At a time when quite a number of Africans queue up at the embassies of foreign countries, with the hope of being granted visas into countries with ‘better living conditions’, a rare few like Patrick Awuah are sacrificing that to make a difference by returning home.
In 2001, after living in America for almost two decades, Patrick Awuah returned to Ghana, leaving his job at Microsoft, where he earned millions as program manager to set up Ashesi University in Accra, to educate young Africans.
“If the current leadership core was educated a certain way, if they were problem solvers, if they had deep compassion for society, we would be in a different place,” he thought.
Hence, Ashesi University is known for its innovative curriculum, high tech facilities, and strong emphasis on leadership. The University stirs a new path in African education.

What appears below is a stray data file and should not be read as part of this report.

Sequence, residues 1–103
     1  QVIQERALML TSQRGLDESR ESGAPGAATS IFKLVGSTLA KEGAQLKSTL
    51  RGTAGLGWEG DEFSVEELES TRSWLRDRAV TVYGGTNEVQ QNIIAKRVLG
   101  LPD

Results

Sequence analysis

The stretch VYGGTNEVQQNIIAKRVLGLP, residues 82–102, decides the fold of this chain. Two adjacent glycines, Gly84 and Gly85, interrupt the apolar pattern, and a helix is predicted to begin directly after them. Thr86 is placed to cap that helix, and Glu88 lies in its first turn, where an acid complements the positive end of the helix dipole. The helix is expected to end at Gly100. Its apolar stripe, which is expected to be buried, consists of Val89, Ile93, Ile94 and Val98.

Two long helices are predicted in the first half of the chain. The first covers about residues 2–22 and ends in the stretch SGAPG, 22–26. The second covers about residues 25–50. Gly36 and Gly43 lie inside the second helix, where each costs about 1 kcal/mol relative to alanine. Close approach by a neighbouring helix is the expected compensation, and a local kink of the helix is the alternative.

In his TED Global talk in 2007, Patrick Awuah explains his call to educate Africa’s future leaders, and why he believes this is very important.
At the age of 16 in Ghana, Patrick Awuah had his first memorable experience of leadership. At the airport to meet his father, he is stopped by two soldiers wielding AK-47 assault weapons. “They asked me to join a crowd of people that were running up and down this embankment. Why? Because the path I had taken was considered out of bounds. No sign to this effect,” he noted.
Typical of teenagers, Patrick was quite concerned of what his peers, especially girls, would think if they saw him running up and down the hill. So he argued with soldiers. Luckily for him, a pilot falls into the same predicament. The soldiers addressed him differently because he wore a uniform; they explained that they were only following orders. The pilot takes their radio, talks to their boss, and gets everyone released. Patrick learnt several things from that experience. “Leadership matters – those men are following the orders of a superior officer. I learned something about courage – it was important not to look at those guns.”